2 January 2011
Happy New Year!
I tend not to make traditional resolutions (get fit, eat healthy, etc. etc.) because I know I’ll eventually forget about them, but I do like to make geolutions, or geologically-oriented plans for the new year. I thought I might list a few, as well as a few grad-school-related thoughts I’ve been mulling over in the past few weeks.
This year, I resolve to….
- Not fly through Chicago for any reason whatsoever if there is a snowflake within 100 miles of O’Hare or Midway. (Possibly also avoid San Francisco International as well; if you read any of my AGU updates, you’ll know that getting to and from the meeting was probably the worst travel experience I have ever had. And there was probably a way to avoid it, of course.)
- Start taking macro photos with my new phone, especially since you can do it easily with a hand lens. (I don’t have an Iphone, but I figure the trick should work just as well with my new LG. We’ll see!)
- Start reading the neglected books in my non-fiction collection, especially my as-yet untouched John McPhee compendium. (I know, bad me for not reading Assembling California before I went to AGU!)
- Enter a writing competition or two. (And hopefully I’ll be competing with some of my fellow geobloggers, hm?)
- Visit some new places in my adopted home state – and out of it.
- Go geocaching again (especially where I can complete some Earthcaches).
But seriously, the holidays have given me time to reflect on a number of things geological, especially graduate school. Conversations around this time of year are inevitably about catching up with what people have been doing, and in my case I’m usually saying something along the lines of “yes, I’m still in grad school and expect to be there for another couple of years”. Somehow, this always induces a mild case of panic for me – am I too slow? Am I really achieving what I’m supposed to? Is it bad that I have a few abstracts but no published articles yet? Timing-wise, I know (logically) that I’m not doing too bad. I knew when I switched to a PhD program that I wasn’t going to get done in four years; the scope of my research was too wide, and the field portion was limited by both logistics and timing (aka rainy season in Guatemala). I was able to wrap up a chunk of research and present it at AGU last month, and I’ve been devoting a bit of my break to working on the chapter of my dissertation that deals with it. I have the advantage of being self-funded (for now), with the option of TA-ing again later if I have to, so I’m not panicked about the money side of it, at least.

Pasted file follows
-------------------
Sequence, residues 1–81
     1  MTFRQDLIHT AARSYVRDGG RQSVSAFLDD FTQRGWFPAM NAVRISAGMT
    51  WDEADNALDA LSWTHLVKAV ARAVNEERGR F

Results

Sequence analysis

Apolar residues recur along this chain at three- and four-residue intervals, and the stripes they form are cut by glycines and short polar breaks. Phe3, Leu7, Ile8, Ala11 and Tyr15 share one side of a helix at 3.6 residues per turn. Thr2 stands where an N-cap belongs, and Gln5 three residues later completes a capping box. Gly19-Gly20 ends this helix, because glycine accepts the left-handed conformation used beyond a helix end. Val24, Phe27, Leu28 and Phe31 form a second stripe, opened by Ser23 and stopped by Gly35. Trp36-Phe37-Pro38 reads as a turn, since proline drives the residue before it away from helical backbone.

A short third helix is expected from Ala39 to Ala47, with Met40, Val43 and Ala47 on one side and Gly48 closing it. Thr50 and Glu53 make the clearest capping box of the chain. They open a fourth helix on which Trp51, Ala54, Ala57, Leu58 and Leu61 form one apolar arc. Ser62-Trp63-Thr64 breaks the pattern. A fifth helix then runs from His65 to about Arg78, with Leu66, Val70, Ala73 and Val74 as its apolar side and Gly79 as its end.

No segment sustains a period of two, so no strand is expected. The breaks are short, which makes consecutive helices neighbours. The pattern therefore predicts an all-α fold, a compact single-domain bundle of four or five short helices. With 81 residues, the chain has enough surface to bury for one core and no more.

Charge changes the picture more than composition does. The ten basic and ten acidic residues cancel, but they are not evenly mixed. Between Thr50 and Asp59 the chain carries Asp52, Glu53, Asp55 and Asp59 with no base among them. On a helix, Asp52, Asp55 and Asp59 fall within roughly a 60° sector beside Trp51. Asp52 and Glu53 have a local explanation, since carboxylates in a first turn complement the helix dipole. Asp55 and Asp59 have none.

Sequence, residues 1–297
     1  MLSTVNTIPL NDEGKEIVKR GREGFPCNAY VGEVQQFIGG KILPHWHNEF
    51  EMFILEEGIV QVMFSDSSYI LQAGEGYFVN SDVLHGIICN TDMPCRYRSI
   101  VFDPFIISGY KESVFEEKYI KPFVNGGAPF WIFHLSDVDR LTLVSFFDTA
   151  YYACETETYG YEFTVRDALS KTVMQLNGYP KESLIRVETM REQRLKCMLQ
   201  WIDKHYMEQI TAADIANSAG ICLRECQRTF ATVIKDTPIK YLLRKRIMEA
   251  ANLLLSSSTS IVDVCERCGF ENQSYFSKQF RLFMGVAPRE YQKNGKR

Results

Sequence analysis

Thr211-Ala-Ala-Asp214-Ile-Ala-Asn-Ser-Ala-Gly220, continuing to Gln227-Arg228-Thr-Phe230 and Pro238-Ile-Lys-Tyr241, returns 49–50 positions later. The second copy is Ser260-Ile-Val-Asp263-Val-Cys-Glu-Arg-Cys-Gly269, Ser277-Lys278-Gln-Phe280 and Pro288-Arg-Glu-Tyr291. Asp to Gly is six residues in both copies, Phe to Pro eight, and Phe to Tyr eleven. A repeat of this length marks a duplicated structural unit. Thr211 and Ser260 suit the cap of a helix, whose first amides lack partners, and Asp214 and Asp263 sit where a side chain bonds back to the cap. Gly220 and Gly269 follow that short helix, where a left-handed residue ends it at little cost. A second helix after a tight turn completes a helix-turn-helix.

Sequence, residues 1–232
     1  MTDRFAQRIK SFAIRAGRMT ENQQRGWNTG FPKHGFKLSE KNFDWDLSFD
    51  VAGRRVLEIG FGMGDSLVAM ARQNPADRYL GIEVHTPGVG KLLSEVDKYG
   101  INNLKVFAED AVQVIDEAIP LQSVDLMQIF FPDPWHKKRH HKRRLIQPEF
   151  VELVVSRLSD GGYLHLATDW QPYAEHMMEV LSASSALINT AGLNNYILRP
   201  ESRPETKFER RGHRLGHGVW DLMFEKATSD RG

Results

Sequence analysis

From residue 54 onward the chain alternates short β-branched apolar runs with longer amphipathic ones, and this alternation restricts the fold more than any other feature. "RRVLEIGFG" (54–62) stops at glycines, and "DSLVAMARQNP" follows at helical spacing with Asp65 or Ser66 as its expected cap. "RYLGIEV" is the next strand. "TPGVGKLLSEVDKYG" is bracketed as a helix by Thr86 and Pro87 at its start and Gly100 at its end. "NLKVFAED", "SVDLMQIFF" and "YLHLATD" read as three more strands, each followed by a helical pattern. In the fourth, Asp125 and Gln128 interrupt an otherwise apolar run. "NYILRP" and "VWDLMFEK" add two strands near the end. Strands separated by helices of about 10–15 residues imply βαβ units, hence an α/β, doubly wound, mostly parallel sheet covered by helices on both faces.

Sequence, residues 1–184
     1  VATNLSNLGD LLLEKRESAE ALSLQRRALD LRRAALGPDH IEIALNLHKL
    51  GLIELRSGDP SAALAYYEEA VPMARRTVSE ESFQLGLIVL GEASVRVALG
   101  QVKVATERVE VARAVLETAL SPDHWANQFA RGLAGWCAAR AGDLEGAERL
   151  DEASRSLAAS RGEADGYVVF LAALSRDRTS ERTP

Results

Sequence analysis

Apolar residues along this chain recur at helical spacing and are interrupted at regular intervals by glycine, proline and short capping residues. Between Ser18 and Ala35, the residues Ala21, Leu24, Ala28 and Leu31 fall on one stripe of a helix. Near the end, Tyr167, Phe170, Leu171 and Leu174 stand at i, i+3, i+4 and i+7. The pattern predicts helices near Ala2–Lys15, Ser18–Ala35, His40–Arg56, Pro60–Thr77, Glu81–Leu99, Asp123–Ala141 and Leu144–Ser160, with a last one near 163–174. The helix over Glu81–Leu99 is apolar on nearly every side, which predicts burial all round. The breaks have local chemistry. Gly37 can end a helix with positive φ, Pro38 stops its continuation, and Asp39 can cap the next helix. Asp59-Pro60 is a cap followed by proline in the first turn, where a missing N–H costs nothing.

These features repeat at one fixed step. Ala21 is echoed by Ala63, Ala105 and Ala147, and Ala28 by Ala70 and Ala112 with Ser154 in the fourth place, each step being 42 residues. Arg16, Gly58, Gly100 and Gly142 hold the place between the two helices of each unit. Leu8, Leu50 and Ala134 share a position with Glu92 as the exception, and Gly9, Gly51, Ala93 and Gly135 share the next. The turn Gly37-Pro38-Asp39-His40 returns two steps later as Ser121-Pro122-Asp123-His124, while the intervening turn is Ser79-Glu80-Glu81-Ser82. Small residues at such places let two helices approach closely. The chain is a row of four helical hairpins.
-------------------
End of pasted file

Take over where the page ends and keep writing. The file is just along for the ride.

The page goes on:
But I still often feel like I’m behind the game academically. The theoretical side of my research involves modeling, and I am not a programmer, engineer or mathematician, having decided to major in geology and minor in archaeology in college. Had I known that I was going to be embarking on this research, of course, I would have taken more math and maybe some engineering courses as an undergrad. But there was no way to know that I would need them, since I wasn’t even entirely sure that I was going to be headed for grad school back then. And it’s difficult to suddenly acquire a whole bunch of skills unrelated to your major, especially when you’re starting graduate school without having taken many classes in your primary area of study (in my case, volcanology). Sometimes I get really discouraged, because I feel like I’m expected to have a background that I’m still working on building. My committee did approve my dissertation proposal, so (I hope) they must have felt I could handle the work it involved, but there are days when I question whether I’m really equal to the task.
It’s hard to be emotionally distanced from something that you put so much effort into, but I think that will have to be one of my main goals for this year. I’ll just have to keep plugging away, plan my time as well as I can, take whatever classes I can fit in (fluid dynamics and maybe some more thermodynamics this semester, hooray), and try not to get too discouraged over it. And maybe throw in a field trip or two to keep from going stir-crazy. Montserrat looks nice this time of year…